COBB COUNTY, Ga. - Addicts, law enforcement, advocates and others came together for 'From Arrest to Recovery', a symposium to combat the County's heroin epidemic.
They gathered on the same day a three year lease was signed for a new heroin recovery center named The Zone.
It's a 21,000 square-foot facility, home of the former Senior Services of Cobb County, which moved elsewhere, leaving the building to be re-purposed and re-named. 'The Zone' will have a coffee shop, computer labs, gymnasium and even a chill room, all to help people battling heroin and opioid addiction.
"No drugs will be given out here; no beds will be given out here. And we're just going to lead with love and keep people in recovery," said Missy Owen, the founder of the nonprofit Davis Direction Foundation.
She established the nonprofit after her son Davis, a class president of his senior class in high school, died of a heroin overdose. She also arranged the symposium which was held at Marietta First United Methodist Church.
Participants heard from members of advocacy groups, the Marietta Police Department, Cobb County District Attorney Vic Reynolds and Vincent Hester with the MCS Task Force Narcotics Unit.
"One thing we've seen with heroin that we've never seen before in the crack epidemic in the 90's is the amount of addict deaths," Vincent Hester told the crowd.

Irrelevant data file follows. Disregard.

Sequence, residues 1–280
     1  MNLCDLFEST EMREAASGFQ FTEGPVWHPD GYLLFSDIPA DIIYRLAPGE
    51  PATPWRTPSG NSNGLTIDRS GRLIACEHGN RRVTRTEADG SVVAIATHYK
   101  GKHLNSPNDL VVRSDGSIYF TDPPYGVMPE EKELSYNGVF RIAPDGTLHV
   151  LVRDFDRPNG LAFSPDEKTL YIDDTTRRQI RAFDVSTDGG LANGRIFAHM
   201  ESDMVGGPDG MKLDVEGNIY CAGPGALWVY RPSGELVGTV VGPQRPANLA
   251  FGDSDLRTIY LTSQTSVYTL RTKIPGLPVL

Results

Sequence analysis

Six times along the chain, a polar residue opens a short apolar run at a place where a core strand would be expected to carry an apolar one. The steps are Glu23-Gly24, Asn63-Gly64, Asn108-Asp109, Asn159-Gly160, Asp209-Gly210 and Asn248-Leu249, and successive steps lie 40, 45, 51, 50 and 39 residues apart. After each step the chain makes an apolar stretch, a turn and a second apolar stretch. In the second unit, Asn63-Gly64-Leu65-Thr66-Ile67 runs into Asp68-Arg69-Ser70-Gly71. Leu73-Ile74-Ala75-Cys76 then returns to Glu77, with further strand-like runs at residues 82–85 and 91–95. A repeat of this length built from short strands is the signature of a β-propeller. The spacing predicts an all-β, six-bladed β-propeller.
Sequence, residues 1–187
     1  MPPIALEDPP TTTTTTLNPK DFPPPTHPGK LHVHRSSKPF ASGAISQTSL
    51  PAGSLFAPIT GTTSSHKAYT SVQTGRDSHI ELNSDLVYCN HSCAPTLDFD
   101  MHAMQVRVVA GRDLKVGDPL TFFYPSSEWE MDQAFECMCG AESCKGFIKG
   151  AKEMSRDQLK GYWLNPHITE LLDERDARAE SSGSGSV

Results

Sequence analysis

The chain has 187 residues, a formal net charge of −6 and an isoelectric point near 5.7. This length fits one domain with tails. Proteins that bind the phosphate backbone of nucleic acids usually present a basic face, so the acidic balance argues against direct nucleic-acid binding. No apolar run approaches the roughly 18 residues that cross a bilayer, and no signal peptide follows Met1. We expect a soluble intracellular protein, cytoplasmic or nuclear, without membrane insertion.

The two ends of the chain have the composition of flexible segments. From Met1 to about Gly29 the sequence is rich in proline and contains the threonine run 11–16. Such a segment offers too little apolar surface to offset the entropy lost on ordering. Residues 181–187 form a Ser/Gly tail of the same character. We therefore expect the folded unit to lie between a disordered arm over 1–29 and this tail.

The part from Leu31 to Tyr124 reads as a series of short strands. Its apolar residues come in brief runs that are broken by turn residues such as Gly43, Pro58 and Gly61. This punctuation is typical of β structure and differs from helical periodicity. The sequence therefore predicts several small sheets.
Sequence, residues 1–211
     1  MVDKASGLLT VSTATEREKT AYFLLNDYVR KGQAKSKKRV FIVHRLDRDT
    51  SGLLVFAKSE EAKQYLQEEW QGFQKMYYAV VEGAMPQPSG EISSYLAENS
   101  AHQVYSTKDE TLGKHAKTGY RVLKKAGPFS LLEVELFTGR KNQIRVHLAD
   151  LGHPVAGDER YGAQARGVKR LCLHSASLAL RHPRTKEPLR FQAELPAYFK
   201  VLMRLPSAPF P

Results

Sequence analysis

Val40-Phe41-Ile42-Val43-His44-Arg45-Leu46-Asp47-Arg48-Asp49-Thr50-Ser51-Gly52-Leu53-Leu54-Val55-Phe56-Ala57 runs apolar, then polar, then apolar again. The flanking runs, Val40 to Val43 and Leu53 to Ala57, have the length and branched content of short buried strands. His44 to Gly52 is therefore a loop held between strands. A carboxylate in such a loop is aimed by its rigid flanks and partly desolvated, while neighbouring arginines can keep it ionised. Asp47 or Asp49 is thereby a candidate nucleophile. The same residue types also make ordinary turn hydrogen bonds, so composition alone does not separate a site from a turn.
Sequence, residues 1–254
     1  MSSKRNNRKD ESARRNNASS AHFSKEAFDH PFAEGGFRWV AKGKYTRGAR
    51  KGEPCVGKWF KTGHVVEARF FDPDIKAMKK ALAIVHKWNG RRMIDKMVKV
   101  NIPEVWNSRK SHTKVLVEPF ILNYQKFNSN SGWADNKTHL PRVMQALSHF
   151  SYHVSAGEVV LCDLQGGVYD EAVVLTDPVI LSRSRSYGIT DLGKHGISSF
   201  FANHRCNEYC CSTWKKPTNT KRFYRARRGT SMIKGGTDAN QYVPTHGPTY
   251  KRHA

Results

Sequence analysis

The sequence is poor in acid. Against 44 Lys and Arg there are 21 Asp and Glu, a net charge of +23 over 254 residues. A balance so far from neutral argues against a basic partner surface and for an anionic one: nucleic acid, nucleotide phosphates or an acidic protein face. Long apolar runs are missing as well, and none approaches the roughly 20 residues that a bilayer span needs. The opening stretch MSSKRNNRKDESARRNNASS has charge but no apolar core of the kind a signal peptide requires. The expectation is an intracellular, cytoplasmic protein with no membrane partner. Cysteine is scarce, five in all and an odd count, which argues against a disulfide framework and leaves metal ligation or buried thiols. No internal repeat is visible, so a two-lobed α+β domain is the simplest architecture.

At the symposium participants learned about 120 people died in the last two years in Cobb County from heroin overdoses and that about sixty percent of felony court cases here are drug related.
"You can't arrest your way out of a heroin epidemic and so what we've got to do is be able to discern between a heroin addict and somebody who may be trafficking or distributing," said Cobb County District Attorney Vic Reynolds.
Michelle Youghn, who identified herself as an addict, said she and others who will benefit tremendously from frank, open discussions at the symposium and the new facility.
"I think it's going to have a bigger impact on our community than we can even really at this point, so it's really exciting," said Michelle Youghn.
No one is more excited about the Zone than Missy Owen, who received the keys to the new building from County Chairman Tim Lee at the symposium after signing a three year lease earlier.
"We need to help people in recovery stay in recovery and that's what The Zone is going to be," said Owen.
She said The Zone will be paid for with donations and grants and will involve no tax payer dollars.
Owen said volunteers will start setting up furniture and other amenities at The Zone soon with a Grand Opening Planned for some time in September.